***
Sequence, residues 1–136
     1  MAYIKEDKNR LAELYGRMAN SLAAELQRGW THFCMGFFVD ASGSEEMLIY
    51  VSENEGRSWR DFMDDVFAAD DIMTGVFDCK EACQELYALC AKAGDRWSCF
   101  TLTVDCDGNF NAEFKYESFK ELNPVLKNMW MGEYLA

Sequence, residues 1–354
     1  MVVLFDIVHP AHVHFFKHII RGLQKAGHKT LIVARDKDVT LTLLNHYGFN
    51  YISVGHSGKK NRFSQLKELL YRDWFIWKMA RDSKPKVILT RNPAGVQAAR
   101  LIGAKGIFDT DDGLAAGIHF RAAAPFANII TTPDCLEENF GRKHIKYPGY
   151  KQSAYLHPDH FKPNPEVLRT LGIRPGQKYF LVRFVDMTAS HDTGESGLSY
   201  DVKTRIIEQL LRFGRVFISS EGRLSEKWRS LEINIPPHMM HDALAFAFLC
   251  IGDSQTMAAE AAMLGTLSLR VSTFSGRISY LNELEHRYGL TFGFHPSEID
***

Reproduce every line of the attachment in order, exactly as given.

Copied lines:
Sequence, residues 1–136
     1  MAYIKEDKNR LAELYGRMAN SLAAELQRGW THFCMGFFVD ASGSEEMLIY
    51  VSENEGRSWR DFMDDVFAAD DIMTGVFDCK EACQELYALC AKAGDRWSCF
   101  TLTVDCDGNF NAEFKYESFK ELNPVLKNMW MGEYLA

Sequence, residues 1–354
     1  MVVLFDIVHP AHVHFFKHII RGLQKAGHKT LIVARDKDVT LTLLNHYGFN
    51  YISVGHSGKK NRFSQLKELL YRDWFIWKMA RDSKPKVILT RNPAGVQAAR
   101  LIGAKGIFDT DDGLAAGIHF RAAAPFANII TTPDCLEENF GRKHIKYPGY
   151  KQSAYLHPDH FKPNPEVLRT LGIRPGQKYF LVRFVDMTAS HDTGESGLSY
   201  DVKTRIIEQL LRFGRVFISS EGRLSEKWRS LEINIPPHMM HDALAFAFLC
   251  IGDSQTMAAE AAMLGTLSLR VSTFSGRISY LNELEHRYGL TFGFHPSEID